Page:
Most devout Catholics recognize the “real presence” of Jesus in the consecrated or transubstantiated bread and wine of Holy Communion.  For them, it is a moment of special closeness to God.  Adoration chapels provide opportunities for related close moments of scripture reading, reflection, and inspiration in the presence of Jesus.

My December 27, 2014 post, [  ] “Konnersreuth”, tells some of the story of the stigmatic, Teresa Neumann, who subsisted for many years on a daily communion wafer.  Even after a careful week or more investigation where both believing and non-believing nurses monitored her activities and verified the claim, a doubting journalist denied the truth of her means of survival.


John 15 has the command of Jesus to his disciples “This is my commandment: love one another as I love you.”  Also, “This I command you: love one another.”

Joseph G. Engemann     Kalamazoo, Michigan     May 22, 2017

Monday, May 15, 2017


Fair Taxation

Evolution beats revolution in sensible advances in government and policy as well as leading to success in the natural world.  But as the pinnacle, or dominant species, we have greater obligation to be fair to all, including the natural world.  But today, I want to talk about taxes.

What is a fair tax for the rich?

Flat tax enthusiasts may be right that it would bring in more taxes if loopholes were closed.  But I contend that the wealthy have and will benefit more than proportionately as compared to those in lower tax brackets.  Taxes paid to build and maintain infrastructure, services and defense support the activities and property of companies and wealthy so much that their taxes are a real bargain.  This consideration makes it reasonable to tax annual income above ten million dollars at a rate of 50% or higher.  Executives of companies not paying income taxes or dividends should be taxed if their pay and bonuses exceed 100 times the median full time equivalent salary for the company.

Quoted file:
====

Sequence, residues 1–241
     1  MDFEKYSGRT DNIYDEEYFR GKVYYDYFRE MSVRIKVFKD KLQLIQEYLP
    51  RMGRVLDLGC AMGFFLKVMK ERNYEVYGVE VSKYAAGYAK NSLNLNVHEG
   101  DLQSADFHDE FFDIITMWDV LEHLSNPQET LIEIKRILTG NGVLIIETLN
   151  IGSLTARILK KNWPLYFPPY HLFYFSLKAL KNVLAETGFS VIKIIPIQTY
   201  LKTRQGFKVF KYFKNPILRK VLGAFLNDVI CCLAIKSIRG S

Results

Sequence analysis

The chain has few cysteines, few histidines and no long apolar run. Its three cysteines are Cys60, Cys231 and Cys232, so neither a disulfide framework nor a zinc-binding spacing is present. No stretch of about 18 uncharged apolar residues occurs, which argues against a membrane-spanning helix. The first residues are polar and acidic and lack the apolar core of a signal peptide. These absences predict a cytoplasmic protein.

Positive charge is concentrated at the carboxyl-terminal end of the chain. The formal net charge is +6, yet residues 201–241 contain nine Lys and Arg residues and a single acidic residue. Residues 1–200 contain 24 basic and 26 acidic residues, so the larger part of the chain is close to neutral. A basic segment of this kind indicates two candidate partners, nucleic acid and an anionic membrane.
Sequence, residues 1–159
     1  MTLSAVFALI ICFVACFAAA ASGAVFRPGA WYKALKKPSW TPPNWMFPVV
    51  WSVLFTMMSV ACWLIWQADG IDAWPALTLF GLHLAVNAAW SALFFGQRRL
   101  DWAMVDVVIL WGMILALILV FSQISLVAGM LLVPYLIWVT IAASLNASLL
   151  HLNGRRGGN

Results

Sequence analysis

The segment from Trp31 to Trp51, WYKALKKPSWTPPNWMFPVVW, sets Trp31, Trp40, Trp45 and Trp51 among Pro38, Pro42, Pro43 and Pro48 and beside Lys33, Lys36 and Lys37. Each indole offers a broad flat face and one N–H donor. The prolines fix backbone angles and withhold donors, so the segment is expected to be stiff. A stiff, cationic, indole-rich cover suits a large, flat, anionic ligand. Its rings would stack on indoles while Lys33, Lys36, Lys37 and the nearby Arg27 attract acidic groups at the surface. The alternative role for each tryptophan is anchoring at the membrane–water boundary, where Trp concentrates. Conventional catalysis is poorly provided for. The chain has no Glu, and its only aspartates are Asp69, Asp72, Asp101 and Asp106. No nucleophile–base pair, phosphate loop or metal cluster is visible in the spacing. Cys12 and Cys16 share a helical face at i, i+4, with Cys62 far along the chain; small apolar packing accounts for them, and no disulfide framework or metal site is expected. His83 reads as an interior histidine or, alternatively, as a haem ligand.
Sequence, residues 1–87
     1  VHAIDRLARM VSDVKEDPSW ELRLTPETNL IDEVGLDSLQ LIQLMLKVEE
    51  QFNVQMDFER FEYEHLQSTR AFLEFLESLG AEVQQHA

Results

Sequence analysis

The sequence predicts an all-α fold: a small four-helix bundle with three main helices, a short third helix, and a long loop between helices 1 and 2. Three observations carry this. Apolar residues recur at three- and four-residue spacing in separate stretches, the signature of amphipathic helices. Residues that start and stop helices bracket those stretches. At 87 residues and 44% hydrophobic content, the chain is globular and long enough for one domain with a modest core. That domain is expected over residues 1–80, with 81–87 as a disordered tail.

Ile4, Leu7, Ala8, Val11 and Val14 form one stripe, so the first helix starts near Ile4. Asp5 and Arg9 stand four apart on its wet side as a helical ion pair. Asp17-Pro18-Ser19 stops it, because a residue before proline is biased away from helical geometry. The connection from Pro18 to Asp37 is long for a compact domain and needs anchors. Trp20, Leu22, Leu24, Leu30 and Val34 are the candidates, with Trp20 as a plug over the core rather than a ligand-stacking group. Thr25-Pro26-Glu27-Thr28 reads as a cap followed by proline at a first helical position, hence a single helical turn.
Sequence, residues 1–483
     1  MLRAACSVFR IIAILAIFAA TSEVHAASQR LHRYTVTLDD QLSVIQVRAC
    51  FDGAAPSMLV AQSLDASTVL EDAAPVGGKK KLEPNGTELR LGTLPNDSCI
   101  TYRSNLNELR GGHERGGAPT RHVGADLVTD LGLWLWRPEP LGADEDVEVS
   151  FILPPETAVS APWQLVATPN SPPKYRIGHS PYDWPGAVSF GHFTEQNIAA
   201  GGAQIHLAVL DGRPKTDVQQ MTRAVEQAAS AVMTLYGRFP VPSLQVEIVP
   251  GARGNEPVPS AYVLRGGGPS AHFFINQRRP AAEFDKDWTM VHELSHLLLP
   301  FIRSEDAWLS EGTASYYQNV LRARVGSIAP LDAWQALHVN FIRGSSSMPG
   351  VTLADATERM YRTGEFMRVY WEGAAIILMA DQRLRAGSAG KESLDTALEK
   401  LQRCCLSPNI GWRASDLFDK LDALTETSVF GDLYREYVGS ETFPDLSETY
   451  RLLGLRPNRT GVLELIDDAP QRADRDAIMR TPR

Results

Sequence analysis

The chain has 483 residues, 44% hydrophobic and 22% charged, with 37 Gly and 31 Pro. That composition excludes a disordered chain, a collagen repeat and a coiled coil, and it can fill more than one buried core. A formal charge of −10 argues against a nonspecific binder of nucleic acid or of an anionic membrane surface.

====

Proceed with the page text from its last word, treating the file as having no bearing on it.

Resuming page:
The source of wealth deserves consideration in setting rates.  Fairly gotten wealth should not be penalized, although capital gains exceeding the rate of inflation should be taxable for those of high net worth.  Inflation is sometimes viewed as a tax on the rich, although it can be more devastating to those who have difficulty allocating money to savings.

Many high-income people deserve their pay.  That includes many in the entertainment industries, founders of companies, unusually competent managers.  But sources of exorbitant pay based on overcharging customers, underpaying workers, abusing patent and copyright protection, disproportionate legal fees, and other gimmicks should be highly taxed.

Questionable ethical practices such as skimming assets of corporations and sweetheart deals prior to sale or bankruptcy should not have tax evasive loopholes.

Many of the wealthiest individuals in the country not only deserve most of their pay, but they are also generous in philanthropic activities.  Kudos to Warren Buffet for encouraging other billionaires to pledge half their wealth to good causes.  Many of those are worthwhile causes but the money might do as much or more good if put toward reduction of the national debt.